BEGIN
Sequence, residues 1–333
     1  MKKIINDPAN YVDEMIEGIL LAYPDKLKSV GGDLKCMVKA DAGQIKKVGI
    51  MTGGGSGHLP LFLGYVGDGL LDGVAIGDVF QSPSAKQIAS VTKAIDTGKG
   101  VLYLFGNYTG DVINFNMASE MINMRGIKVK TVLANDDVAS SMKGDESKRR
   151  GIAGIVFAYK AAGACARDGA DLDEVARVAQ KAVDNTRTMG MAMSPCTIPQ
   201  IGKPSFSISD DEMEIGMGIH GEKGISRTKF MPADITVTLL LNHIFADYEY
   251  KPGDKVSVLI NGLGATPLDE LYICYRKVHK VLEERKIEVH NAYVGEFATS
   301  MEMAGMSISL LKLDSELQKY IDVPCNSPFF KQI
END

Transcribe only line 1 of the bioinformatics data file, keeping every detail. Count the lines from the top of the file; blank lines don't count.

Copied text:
Sequence, residues 1–333